PipeChat Digest #2526 - Saturday, December 1, 2001
 
Re: Mixtures - stupid question
  by "Malcolm Wechsler" <manderusa@earthlink.net>
Subject: Re:  Mixtures - stupid question
  by "Wayne Grauel" <wayne@eminent-usa.com>
(No Subject)
  by "Mandy Glass" <amadpoet@lycos.com>
Re: (No Subject)
  by <ScottFop@aol.com>
 

(back) Subject: Re: Mixtures - stupid question From: "Malcolm Wechsler" <manderusa@earthlink.net> Date: Fri, 30 Nov 2001 22:52:58 -0500   ----- Original Message ----- From: "Kenneth Potter" <swell_shades@yahoo.com> To: <pipechat@pipechat.org> Sent: Friday, November 30, 2001 6:29 PM Subject: Re: Mixtures - stupid question     > A number of years ago I got to play a rather nice organ at an > episco-parlour in Brooklyn. It was built by a local builder with a > rather spotty record (including PRISON) but I digress.... > > Outside of two positiv flutes that you would kill your mother for, the > 8' being a holz-spitzgedekt that had formerly resided in the pedal (!) > it had a repeating zimbel of of three ranks that stood at the front of > a wall mounted chest. The interesting thing was that it was absolutely > identical through every octave from bottom to top with the breaks > occuring at different points for each rank. It made me think that if > someone were building on the cheap, why not just use 36 pipes and wire > it up to repeat right on up??? I suppose there would be voicing issues > in the different ranges, but on a little unit organ, maybe it could be > made to work, or just a little bell-like sparkle to reside on top of a > couple of regular mixtures. Would the relays and such cost more than > the pipes needed? Just a silly question that has nagged. Has anyone > ever tried this? > > Ken   Dear Ken and List (no relation to Ken List),   In the very early 60s, Allen Van Zoeren designed, and Guy Henderson and I built with him one summer an interesting little organ at St. Francis' Episcopal Church in Stamford, CT, where I was then Organist and = Choirmaster. The late John Henderson (no relation to Guy) guided the = woodworking/cabinet making aspects of it, and we put it all together in his woodworking shop = on Christopher Street in The Village. It cost the church all of $7,000. We = used Gress-Miles versions of Reisner magnets(!), and really lovely pipes from Gebrueder Bier. The console was of the Holtkamp keydesk style. The painted "Danish Modern" case is reasonably attractive, with the legend "Cantate Domino" on the little Ruckpositif. This was a rather uniquely designed little unit organ. It appeared in living black and white on the cover of = the old version of The American Organist Magazine, as it was in the 60s, and = is also in the Blanton book, The Revival of the Organ Case. Ken's post brings it to mind because it had a wonderfully effective little 2-rank Zimbel, consisting of precisely 24 pipes, reiterating at the breaks.   The charming building housing this instrument, which still works just = fine, is no longer the main church of this congregation, but hosts the 8 a.m. service, and some weddings and funerals. The new building is presently without an organ.   Cheers,   Malcolm Wechsler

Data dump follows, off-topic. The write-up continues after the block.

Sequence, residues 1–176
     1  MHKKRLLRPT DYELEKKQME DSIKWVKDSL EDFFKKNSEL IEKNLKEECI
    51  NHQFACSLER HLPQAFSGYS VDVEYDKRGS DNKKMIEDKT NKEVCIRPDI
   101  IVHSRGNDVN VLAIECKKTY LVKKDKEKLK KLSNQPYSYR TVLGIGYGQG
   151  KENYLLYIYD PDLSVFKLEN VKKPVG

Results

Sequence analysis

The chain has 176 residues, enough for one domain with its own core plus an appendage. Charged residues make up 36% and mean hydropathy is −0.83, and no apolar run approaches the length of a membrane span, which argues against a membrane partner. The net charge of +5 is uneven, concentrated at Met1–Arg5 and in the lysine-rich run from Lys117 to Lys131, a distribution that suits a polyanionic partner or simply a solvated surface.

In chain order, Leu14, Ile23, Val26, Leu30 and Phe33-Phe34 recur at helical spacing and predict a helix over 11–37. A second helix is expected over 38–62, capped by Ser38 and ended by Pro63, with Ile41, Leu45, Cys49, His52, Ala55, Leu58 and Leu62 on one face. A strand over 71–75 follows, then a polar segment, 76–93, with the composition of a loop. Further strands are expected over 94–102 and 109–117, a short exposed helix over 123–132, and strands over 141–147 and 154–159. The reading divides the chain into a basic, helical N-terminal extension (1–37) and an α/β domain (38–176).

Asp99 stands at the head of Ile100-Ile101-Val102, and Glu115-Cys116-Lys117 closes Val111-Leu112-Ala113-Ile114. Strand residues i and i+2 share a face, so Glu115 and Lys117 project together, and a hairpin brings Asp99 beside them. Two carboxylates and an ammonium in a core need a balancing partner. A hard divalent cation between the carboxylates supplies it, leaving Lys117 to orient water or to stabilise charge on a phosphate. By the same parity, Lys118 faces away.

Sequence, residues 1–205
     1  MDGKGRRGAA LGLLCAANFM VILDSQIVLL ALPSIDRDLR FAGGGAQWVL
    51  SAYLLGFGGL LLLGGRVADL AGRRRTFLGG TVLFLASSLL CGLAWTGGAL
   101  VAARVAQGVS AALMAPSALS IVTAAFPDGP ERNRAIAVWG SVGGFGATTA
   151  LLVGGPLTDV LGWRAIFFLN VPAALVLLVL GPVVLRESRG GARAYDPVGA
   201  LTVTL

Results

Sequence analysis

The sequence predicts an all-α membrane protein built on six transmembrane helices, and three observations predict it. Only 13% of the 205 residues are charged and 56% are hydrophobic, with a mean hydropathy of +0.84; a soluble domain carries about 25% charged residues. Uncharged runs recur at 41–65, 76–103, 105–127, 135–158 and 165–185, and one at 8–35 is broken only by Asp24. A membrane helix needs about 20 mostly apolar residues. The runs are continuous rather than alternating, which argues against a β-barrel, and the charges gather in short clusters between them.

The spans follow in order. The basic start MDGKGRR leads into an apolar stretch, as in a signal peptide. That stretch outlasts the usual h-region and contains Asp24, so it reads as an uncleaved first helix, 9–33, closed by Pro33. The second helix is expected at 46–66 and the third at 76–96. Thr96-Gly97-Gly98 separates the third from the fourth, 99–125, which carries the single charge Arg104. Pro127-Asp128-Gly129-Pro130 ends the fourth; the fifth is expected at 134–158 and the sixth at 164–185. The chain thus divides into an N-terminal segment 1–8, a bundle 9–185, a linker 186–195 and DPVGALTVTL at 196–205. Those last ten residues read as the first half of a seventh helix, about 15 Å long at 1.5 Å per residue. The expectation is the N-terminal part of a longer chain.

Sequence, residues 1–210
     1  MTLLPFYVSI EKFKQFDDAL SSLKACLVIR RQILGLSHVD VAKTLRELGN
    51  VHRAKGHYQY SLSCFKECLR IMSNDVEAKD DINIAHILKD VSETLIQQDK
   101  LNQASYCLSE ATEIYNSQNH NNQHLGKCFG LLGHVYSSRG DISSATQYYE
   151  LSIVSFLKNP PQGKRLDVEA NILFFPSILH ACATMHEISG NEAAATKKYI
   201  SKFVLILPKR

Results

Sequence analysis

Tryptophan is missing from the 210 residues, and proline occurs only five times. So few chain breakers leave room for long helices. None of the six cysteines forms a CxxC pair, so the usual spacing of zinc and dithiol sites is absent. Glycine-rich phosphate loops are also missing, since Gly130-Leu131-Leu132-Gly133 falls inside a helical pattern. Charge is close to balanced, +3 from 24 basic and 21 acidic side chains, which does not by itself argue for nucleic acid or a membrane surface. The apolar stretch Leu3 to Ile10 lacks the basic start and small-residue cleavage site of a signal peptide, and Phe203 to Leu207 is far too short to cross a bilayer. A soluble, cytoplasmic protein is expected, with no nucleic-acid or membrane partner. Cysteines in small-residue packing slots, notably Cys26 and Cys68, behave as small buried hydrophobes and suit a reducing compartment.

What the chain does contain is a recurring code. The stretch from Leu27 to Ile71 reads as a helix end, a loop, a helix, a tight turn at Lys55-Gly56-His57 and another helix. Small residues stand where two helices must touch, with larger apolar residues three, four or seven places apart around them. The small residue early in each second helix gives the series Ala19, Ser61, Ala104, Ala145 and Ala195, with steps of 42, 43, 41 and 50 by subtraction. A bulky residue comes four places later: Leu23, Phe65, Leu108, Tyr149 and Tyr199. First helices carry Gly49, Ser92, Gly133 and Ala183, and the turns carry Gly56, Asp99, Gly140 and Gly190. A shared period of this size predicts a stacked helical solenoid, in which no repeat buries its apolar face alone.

(back) Subject: Subject: Re: Mixtures - stupid question From: "Wayne Grauel" <wayne@eminent-usa.com> Date: Sat, 01 Dec 2001 00:24:33 -0500   Subject: Re: Mixtures - stupid question From: "Kenneth Potter" <swell_shades@yahoo.com> Date: Fri, 30 Nov 2001 15:29:36 -0800 (PST)   it had a repeating zimbel of of three ranks that stood at the front of a wall mounted chest. The interesting thing was that it was absolutely identical through every octave from bottom to top with the breaks occuring at different points for each rank.   Hello...... that's whay it's called a Zimbel, you know, zimbelstern!     Wayne  
(back) Subject: (No Subject) From: "Mandy Glass" <amadpoet@lycos.com> Date: Sat, 01 Dec 2001 00:32:11 -0600   Hi pipers   I'm looking for a solid, reliable book of wedding music, SPECIFICALLY, one = that contains organ music in its ORIGINAL form, as my teacher refuses to = let me play reductions.   Anyone care to share?   Many thanks in advance.   Mandy      
(back) Subject: Re: (No Subject) From: <ScottFop@aol.com> Date: Sat, 1 Dec 2001 01:34:49 EST     --part1_12b.8570632.2939d409_boundary Content-Type: text/plain; charset=3D"US-ASCII" Content-Transfer-Encoding: 7bit   In a message dated 12/1/01 1:33:28 AM Eastern Standard Time, amadpoet@lycos.com writes:     > I'm looking for a solid, reliable book of wedding music, SPECIFICALLY, = one > that contains organ music in its ORIGINAL form, as my teacher refuses to =   > let me play reductions. Anyone care to share? Many thanks in advance.     Yes, by all means: "The Oxford Book of Wedding Music"   Scott Foppiano       --part1_12b.8570632.2939d409_boundary Content-Type: text/html; charset=3D"US-ASCII" Content-Transfer-Encoding: 7bit   <HTML><FONT FACE=3Darial,helvetica><FONT SIZE=3D2>In a message dated = 12/1/01 1:33:28 AM Eastern Standard Time, amadpoet@lycos.com writes: <BR> <BR> <BR><BLOCKQUOTE TYPE=3DCITE style=3D"BORDER-LEFT: #0000ff 2px solid; = MARGIN-LEFT: 5px; MARGIN-RIGHT: 0px; PADDING-LEFT: 5px">I'm looking for a = solid, reliable book of wedding music, SPECIFICALLY, one that contains = organ music in its ORIGINAL form, as my teacher refuses to let me play = reductions. Anyone care to share? &nbsp;Many thanks in = advance.</FONT><FONT COLOR=3D"#000000" SIZE=3D3 FAMILY=3D"SANSSERIF" = FACE=3D"Arial" LANG=3D"0"></BLOCKQUOTE> <BR> <BR> <BR>Yes, by all means: &nbsp;"The Oxford Book of Wedding Music" <BR> <BR>Scott Foppiano <BR></FONT><FONT COLOR=3D"#000000" SIZE=3D2 FAMILY=3D"SANSSERIF" = FACE=3D"Arial" LANG=3D"0"> <BR></FONT></HTML>   --part1_12b.8570632.2939d409_boundary--